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Maryland baseball’s furious rally falls just short in 10-8 loss to Purdue

The Terps are in jeopardy of losing their first conference series of the season.

Photo courtesy of Maryland Athletics.

After putting up 34 runs in its past two games, Maryland baseball’s offense stalled early in Friday’s game against Purdue.

Purdue sophomore right-handed pitcher Khal Stephen had the better of Maryland’s ace, junior right-hander Jason Savacool, only surrendering two runs in his first six innings.

After Savacool’s rough start — in which he allowed six runs in 5 13 innings — Maryland was down six heading into the seventh, a tall task even for a team with as much offensive firepower as the Terps.

But Stephen loaded the bases, and Maryland flipped a switch. After junior right-handed pitcher Aaron Suval walked in a run, sophomore designated hitter Ian Petrutz hit a two-RBI double followed by an RBI double from sophomore first baseman Eddie Hacopian. Then, sophomore Elijah Lambros hit a single that brought Maryland back within a run. But, the rally stopped there.

It was ultimately too little, too late, as Purdue redshirt junior infielder Paul Toetz and junior infielder Jo Stevens each hit RBI singles in the top of the eighth to give Purdue a three-run cushion. That proved too much for Maryland to come back from in a 10-8 defeat.

Friday’s game showcased a duality of defenses at the start. Purdue senior outfielder Mike Bolton Jr. robbed Maryland sophomore Ian Petrutz of a home run in the first, and it was deja vu for Petrutz in his next at-bat, as junior outfielder Couper Cornblum snagged a ball in front of the batter’s eye to keep Purdue on top.

On the contrary, the Terps' defense was not up to par. In the second inning, they had a couple of errors. With two outs, junior second baseman Kevin Keister bobbled a ball to put a runner on, and then junior shortstop Matt Shaw couldn’t handle a hard-hit ball, which put another runner on.

The Terps continued to make questionable plays in the field, as Hacopian didn’t throw home in a one-out situation in the sixth, turning a potential momentum-shifting out into an run for the Boilermakers.

Keister would later make another mistake at second, throwing a ball out of Hacopian’s reach that scored a run in the eighth.

Bobby Zmarzlak went deep to even the score at one in the second inning, but the Terps couldn't muster another run for three innings.

Savacool’s strong start was cut short in the third when Bolton hit a no-doubt home run to give Purdue back the lead. The junior started to falter after that, as the Boilermakers extended their lead to two. While the deficit stayed at two for the next three innings, Savacool continued to give up hard-hit balls.

After surrendering his fourth earned run in the fifth inning, Savacool was pulled. But the bullpen didn’t do much better. Junior left-handed pitcher Logan Ott allowed the two runners he inherited to score, increasing Maryland’s deficit to six runs.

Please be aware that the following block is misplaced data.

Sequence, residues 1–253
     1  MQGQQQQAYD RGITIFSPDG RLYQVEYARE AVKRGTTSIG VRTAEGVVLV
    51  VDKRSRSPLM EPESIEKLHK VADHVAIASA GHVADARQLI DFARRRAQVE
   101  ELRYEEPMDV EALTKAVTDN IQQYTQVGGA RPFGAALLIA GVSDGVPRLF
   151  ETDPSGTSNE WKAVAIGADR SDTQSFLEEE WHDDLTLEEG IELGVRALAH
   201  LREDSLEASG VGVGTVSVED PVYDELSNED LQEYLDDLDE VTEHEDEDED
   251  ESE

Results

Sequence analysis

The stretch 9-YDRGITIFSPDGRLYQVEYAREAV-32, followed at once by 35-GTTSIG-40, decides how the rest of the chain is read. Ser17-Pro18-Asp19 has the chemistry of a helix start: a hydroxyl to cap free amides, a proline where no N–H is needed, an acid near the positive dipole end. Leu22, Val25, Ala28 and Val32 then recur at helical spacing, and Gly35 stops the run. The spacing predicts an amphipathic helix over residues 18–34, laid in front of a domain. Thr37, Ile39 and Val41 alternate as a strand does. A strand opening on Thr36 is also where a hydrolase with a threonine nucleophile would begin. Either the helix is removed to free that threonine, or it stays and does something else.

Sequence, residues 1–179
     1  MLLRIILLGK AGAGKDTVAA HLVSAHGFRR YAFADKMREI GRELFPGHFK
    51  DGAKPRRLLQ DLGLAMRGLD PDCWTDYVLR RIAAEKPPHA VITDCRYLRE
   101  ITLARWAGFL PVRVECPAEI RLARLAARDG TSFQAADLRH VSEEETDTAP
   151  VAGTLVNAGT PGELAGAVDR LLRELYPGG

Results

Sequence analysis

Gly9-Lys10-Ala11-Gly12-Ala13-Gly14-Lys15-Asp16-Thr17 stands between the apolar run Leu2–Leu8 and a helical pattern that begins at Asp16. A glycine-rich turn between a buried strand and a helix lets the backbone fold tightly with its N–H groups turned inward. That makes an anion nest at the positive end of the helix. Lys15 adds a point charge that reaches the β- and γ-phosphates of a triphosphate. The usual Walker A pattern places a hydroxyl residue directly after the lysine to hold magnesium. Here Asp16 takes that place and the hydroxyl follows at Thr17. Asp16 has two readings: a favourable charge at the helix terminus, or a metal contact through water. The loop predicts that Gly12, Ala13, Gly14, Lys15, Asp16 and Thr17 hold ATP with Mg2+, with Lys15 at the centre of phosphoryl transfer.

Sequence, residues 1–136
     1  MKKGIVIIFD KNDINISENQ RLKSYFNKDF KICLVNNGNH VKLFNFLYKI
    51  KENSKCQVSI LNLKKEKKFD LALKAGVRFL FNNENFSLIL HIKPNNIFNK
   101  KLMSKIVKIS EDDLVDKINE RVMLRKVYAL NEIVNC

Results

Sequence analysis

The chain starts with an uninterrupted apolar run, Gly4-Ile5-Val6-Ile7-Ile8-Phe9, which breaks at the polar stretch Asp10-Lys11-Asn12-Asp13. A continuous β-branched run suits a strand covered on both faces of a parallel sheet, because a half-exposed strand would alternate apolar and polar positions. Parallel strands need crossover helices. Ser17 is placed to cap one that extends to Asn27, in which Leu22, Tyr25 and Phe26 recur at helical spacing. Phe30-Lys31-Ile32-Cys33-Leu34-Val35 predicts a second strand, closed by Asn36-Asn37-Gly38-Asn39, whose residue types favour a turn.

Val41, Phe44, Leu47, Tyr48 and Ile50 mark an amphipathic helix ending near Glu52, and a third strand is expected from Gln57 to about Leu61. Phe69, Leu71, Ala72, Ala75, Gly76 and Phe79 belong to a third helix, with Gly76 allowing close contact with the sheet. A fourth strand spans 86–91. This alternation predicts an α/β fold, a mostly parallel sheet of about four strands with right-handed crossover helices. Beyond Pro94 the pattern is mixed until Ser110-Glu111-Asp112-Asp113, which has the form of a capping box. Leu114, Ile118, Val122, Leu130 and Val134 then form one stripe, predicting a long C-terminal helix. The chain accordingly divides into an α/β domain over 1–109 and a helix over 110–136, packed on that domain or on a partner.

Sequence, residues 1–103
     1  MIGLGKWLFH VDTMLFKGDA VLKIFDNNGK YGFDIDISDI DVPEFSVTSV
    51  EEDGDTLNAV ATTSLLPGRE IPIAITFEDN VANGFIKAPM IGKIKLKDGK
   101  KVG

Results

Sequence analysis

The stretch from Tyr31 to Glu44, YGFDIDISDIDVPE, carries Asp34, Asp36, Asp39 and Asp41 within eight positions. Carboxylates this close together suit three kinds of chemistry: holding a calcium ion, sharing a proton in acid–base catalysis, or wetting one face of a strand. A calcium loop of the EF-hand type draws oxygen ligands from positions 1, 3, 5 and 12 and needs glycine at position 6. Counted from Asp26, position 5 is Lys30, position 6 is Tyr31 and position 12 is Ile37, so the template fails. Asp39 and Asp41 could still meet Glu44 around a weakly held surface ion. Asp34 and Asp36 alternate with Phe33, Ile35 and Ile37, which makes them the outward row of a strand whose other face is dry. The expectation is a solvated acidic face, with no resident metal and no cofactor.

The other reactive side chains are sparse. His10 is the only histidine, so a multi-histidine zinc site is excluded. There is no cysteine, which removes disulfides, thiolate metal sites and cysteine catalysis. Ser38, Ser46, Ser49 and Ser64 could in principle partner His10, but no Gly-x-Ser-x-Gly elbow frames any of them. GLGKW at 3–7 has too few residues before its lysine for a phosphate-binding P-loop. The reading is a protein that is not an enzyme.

The score was 7-2 heading into the seventh, when the game turned into a frenzy.

The Terps rally brought the lead down to one run, but that was the closest they would end up getting.

Junior David Falco Jr. came in to pitch for the Terps in the eighth, but Purdue junior catcher Connor Caskenette hit a down-the-line double that barely stayed fair, and Parr was hit by a pitch. Both runners were brought in on consecutive RBI singles, which would be the eventual game-winning hits.

The bottom of the eighth was struck with controversy, as senior third baseman Nick Lorusso’s check swing was called a strike, which infuriated the Maryland crowd and head coach Rob Vaughn. Vaughn was thrown out, which prompted him to pick up his bag and leave the field. Petrutz responded with a big RBI single that brought Maryland within two, giving energy to the team and the crowd.

Even after a quick inning by Falco, Maryland couldn’t put up two runs in the ninth, eventually falling 10-8.

Maryland gave up 16 hits and committed multiple errors, which ended up costing it the game.

Maryland will face Purdue again on Saturday.

Three Things to Know:

1. The Terps didn’t give up. Heading into the seventh, the Terps couldn’t get anything going other than two solo home runs. But once Maryland forced Stephen out of the game, everything changed. as the Terps’ massive seventh inning rally brought them within a run of the Boliermakers, but they couldn’t finish the comeback.

2. Savacool struggled. Maryland’s ace has been the Terps’ saving grace this year, but he didn’t have his stuff Friday. Savacool surrendered six earned runs on nine hits in an uncharacteristic performance.

3. A tough loss on the Terps’ resume. Maryland’s only previous loss to a sub-200 RPI opponent came against Albany on March 18. Losing in a game with your ace on the mound is not ideal for a Maryland team that might need an at-large tournament bid.